In October 2017, the then President of the Kazakhstan Nursultan Nazarbayev announced his country would switch to a Latin-basic script from the Russian Cyrillic alphabet by 2025. Will this make translation easier?
It turns out that the central Asian country is not new to alphabet changes. For centuries Asian Turkic states – which Kazakhstan is a part of – used the Arab script. Then came the communist regime in Moscow which briefly introduced the Latin script before switching to Cyrillic in 1940.
The government published a detailed action plan that mapped out three stages for the transition.
SETTING UP THE LEGAL FRAMEWORK
Phase one involves setting up
- the legal framework,
- development of spelling rules, and
- launch of an application.
TRANSLATION OF LAWS AND OFFICIAL DOCUMENTATION
During the second phase, which is expected to begin in 2021 will capture
- the translation of existing laws,
- re-issuance of certificates, licenses, and passports.
MAKING CHANGES TO LOCAL AND CENTRAL GOVERNMENT AND AGENCIES
The third and final phase will involve making changes to the central government, executive bodies, agencies, local executives, educational organizations, and media documents.
THE PUBLIC’S REACTION
As always with projects of this magnitude, there were some concerns among the people. For instance, a public school teacher in Almaty, the financial capital of Kazakhstan, said during an interview: “I am horrified by the switch. All of our literature is published in Cyrillic. The transition will result in a generation cut off from their cultural roots,”
In contrast, Mirash Alimzhanova – a first grade Kazakh teacher – is not too concerned about their pupils learning the alphabet. She believes they’ll relearn the it pretty quickly. According to her, most of the pupils have had English lessons in addition to their regular language class.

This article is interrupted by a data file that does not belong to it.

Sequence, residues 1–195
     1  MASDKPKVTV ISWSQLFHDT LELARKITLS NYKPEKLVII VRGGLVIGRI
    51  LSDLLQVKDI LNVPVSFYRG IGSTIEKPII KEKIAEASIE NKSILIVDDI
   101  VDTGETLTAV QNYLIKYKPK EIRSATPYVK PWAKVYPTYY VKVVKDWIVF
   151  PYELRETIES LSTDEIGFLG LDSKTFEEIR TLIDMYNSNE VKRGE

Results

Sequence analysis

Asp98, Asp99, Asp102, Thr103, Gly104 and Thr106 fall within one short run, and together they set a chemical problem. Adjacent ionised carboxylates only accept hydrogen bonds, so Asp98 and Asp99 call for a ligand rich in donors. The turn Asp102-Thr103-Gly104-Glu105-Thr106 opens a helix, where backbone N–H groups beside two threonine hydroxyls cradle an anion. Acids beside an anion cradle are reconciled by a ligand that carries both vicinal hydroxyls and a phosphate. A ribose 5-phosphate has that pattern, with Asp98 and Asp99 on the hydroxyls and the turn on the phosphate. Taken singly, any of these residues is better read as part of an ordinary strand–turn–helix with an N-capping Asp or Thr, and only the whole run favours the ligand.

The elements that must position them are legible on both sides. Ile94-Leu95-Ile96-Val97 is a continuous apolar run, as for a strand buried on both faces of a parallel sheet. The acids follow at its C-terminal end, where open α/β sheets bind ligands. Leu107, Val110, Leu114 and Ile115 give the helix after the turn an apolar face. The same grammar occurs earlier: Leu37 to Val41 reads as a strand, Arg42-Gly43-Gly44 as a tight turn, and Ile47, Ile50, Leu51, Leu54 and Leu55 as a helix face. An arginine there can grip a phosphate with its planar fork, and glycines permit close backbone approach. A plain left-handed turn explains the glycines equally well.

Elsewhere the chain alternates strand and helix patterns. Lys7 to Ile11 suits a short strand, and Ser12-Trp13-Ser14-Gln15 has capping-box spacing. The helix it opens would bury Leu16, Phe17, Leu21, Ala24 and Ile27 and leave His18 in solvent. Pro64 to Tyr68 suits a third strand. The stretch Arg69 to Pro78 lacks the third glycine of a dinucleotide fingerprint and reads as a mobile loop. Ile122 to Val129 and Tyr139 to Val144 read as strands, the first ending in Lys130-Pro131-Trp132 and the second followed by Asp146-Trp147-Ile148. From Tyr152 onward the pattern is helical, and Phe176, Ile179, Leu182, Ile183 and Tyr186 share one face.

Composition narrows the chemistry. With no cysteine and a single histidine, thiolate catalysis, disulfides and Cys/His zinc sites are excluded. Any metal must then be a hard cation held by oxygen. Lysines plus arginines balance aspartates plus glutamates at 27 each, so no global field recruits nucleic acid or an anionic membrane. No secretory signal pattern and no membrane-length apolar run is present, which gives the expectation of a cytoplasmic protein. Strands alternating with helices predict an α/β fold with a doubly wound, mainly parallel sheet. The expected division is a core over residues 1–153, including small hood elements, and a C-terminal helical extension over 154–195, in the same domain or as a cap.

Her concern, however, is the teachers. In her words: “But we teachers will find it harder because we are already used to one alphabet.”
Aigul Ibrahimova, deputy head of pastoral support, believes the bulk of the responsibility will be on the teachers. “Parents wouldn’t be able to help with the transition to the Latin alphabet as they haven’t learned it themselves. Children will only be able to learn it in school. Parents won’t be able to help with homework anymore.”
A POLITICAL MOVE – MAKING TRANSLATION EASIER
Experts believed the switch is the right move as Kazakhstan pushes towards weaning itself from its Soviet past. Furthermore, neighbors such as Uzbekistan, Azerbaijan, and Turkmenistan – all former soviet colonies – have since switched to the Latin script.
Politicians are not left out in voicing their opinion on the proposed transition. Maulen Ashimbayev, First Deputy Chairman, Nur Otan Party said he approved of the move. According to him, “the amendments make the Kazakh language more practical and functional. It is a strategic move and it will work for the nation’s future.”
THE PRACTICAL SIDE – MAKING TRANSLATION EASIER
Talking of the move being practical – the Cyrillic script has 42 letters, which makes it more difficult to represent on smartphones than the Latin alphabet, which uses only 31 letters.
CONCLUSION – WILL THE MOVE MAKE TRANSLATION EASIER?
In conclusion, some believe the move would signal to the rest of the world that Kazakhstan is ready and open for business. Considering that about 70 percent of the world’s population use Latin letters it’s a move in the right direction.
In terms of translation, it will make things easier insofar as most of the country’s translation needs are into languages which use the Latin alphabet.